"I want to teach my daughter music."
Translation:Quiero enseñar música a mi hija.
I'm not %100 sure that it is wrong but I think at the very least it would be awkward to Native speakers. Since 'música' is acting as an adjective and describing what you are teaching you would normally keep that as close to the verb as possible. I would love a second opinion here. Especially one that know for sure what the rule is.
In an earlier exercise I was asked to translate "they are teaching my son Spanish" into Spanish. My answer was "Ensenan a mi hijo espanol". This was marked as correct but yet i cannot now put "musica" at the end of this sentence. Why not?
I put "quiero ensenar a mi hija musica" why's this wrong and why arte the words switched up
'Quiero enseñarle música a mi hija' I'm sure that's the best way to say this and it should be accepted. It's a common error to omit the 'le'.
Edit Lol... oops. Let me try that again as I was working on too many things at once and mixed up my posts.
You wouldn't use the article here as that would be talking about specific music... 'to teach the music'. We are talking about music as a subject here.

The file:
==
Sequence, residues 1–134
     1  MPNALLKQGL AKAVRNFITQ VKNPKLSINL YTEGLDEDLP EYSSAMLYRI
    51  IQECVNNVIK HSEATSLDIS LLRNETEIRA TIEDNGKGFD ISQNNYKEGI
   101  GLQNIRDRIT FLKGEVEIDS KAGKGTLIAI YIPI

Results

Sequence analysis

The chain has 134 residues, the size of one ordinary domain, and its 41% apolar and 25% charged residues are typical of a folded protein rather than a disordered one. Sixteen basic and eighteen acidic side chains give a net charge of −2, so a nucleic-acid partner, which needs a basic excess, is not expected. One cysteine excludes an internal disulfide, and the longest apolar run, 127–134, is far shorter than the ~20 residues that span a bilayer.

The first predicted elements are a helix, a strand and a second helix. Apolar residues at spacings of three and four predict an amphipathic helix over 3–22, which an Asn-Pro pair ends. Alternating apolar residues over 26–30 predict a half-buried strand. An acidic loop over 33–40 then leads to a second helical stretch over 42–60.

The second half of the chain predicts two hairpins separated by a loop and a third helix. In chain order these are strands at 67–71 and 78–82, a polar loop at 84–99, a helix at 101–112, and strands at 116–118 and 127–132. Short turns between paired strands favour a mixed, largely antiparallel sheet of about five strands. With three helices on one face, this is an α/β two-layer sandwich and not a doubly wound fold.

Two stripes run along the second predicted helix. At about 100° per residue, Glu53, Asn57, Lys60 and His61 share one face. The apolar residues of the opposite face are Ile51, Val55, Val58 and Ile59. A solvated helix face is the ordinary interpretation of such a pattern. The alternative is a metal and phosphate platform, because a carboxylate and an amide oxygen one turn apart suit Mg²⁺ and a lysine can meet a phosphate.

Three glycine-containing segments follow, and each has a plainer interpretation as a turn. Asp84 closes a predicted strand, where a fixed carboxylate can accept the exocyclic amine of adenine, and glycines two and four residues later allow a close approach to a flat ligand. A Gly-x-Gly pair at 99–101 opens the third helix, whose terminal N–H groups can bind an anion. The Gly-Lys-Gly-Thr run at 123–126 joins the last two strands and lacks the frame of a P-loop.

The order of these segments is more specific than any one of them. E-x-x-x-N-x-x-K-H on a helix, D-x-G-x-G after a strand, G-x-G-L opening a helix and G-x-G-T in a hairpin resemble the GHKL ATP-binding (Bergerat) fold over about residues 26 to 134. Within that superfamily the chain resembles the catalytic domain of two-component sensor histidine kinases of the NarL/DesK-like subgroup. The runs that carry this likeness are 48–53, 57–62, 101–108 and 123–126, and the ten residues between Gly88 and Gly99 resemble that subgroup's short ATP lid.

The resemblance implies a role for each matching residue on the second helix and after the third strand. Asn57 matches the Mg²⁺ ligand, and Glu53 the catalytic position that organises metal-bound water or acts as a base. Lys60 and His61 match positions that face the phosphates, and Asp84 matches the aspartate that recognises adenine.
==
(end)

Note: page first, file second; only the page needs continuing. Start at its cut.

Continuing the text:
I've wondered this too. It really seems as though this sentence needs the indirect object pronoun, but Dúo left it out of a series of questions using "enseñar." Does anyone have information on "enseñar" and why it doesn't use an IO pronoun?
I asked my friend from Argentina, and he said that it should be enseñarle, but lots of people omit the le in casual speech even though, strictly speaking, it's not correct.
Thanks, Sara! Now I wonder why Duo is omitting it. Guess they're going for what lots of people do in casual speech. I would hope they would at least accept the le though, instead of marking it wrong.
Because it's being used in its infinitive form right next to another verb.
Quiero enseñar... I want 'to teach'.
Por qué? That is like saying English should use gendered nouns for everything. You have to remember that Spanish and English are two different languages. They each have their own rules.